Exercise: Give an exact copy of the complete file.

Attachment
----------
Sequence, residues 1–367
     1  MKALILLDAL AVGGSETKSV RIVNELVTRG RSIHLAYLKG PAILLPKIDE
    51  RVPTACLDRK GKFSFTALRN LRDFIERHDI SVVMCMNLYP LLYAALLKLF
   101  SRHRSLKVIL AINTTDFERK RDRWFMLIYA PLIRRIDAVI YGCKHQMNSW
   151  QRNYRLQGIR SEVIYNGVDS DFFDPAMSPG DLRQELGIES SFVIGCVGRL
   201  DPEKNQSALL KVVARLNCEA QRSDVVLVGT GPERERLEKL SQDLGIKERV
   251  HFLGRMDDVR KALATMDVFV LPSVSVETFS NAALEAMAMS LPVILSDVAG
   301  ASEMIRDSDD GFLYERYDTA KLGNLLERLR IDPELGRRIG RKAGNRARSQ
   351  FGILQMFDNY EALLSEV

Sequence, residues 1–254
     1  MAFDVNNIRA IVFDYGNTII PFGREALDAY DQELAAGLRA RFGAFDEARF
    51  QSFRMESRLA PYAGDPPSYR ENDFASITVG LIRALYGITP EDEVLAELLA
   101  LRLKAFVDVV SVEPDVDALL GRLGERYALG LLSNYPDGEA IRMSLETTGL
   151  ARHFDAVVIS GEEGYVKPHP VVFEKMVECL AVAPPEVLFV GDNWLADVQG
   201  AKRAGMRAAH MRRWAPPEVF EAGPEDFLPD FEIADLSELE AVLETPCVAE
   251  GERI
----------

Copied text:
Sequence, residues 1–367
     1  MKALILLDAL AVGGSETKSV RIVNELVTRG RSIHLAYLKG PAILLPKIDE
    51  RVPTACLDRK GKFSFTALRN LRDFIERHDI SVVMCMNLYP LLYAALLKLF
   101  SRHRSLKVIL AINTTDFERK RDRWFMLIYA PLIRRIDAVI YGCKHQMNSW
   151  QRNYRLQGIR SEVIYNGVDS DFFDPAMSPG DLRQELGIES SFVIGCVGRL
   201  DPEKNQSALL KVVARLNCEA QRSDVVLVGT GPERERLEKL SQDLGIKERV
   251  HFLGRMDDVR KALATMDVFV LPSVSVETFS NAALEAMAMS LPVILSDVAG
   301  ASEMIRDSDD GFLYERYDTA KLGNLLERLR IDPELGRRIG RKAGNRARSQ
   351  FGILQMFDNY EALLSEV

Sequence, residues 1–254
     1  MAFDVNNIRA IVFDYGNTII PFGREALDAY DQELAAGLRA RFGAFDEARF
    51  QSFRMESRLA PYAGDPPSYR ENDFASITVG LIRALYGITP EDEVLAELLA
   101  LRLKAFVDVV SVEPDVDALL GRLGERYALG LLSNYPDGEA IRMSLETTGL
   151  ARHFDAVVIS GEEGYVKPHP VVFEKMVECL AVAPPEVLFV GDNWLADVQG
   201  AKRAGMRAAH MRRWAPPEVF EAGPEDFLPD FEIADLSELE AVLETPCVAE
   251  GERI